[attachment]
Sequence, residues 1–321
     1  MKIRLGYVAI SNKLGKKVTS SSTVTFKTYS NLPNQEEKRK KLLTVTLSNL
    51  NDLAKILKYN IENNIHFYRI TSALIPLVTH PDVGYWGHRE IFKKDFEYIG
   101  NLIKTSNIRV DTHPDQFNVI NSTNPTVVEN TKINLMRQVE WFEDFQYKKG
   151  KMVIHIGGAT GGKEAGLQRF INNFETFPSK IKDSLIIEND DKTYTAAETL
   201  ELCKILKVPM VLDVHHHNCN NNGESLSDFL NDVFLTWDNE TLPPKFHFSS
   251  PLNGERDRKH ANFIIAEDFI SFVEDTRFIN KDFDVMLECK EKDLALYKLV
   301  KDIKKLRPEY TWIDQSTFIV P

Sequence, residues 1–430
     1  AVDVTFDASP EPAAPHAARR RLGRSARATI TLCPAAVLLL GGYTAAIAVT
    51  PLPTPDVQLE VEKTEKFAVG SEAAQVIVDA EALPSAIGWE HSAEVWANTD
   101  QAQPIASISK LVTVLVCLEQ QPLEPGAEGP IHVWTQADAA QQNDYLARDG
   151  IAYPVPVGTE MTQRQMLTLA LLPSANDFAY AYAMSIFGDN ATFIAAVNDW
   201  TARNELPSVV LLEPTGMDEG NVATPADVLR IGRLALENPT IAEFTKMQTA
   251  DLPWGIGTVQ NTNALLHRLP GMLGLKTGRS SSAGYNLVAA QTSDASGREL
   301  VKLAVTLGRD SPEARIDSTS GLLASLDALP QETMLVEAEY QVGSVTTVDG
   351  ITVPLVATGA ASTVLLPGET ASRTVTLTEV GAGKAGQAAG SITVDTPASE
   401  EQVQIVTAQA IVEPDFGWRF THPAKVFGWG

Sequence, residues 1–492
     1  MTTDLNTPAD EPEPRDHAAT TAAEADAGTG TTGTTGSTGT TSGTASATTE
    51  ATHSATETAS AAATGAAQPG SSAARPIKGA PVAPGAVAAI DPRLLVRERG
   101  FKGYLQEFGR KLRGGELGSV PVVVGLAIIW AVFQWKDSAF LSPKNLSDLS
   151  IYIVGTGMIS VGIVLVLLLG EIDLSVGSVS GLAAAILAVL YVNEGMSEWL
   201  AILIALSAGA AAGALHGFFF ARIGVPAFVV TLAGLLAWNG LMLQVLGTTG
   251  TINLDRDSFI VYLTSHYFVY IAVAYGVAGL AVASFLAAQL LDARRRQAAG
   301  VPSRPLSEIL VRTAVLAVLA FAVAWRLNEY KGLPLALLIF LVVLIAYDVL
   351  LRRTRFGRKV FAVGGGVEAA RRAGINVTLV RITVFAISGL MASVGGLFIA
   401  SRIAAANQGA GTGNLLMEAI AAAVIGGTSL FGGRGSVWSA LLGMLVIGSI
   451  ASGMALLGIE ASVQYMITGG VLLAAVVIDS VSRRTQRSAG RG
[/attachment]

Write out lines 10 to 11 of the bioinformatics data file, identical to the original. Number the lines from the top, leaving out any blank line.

     1  AVDVTFDASP EPAAPHAARR RLGRSARATI TLCPAAVLLL GGYTAAIAVT
    51  PLPTPDVQLE VEKTEKFAVG SEAAQVIVDA EALPSAIGWE HSAEVWANTD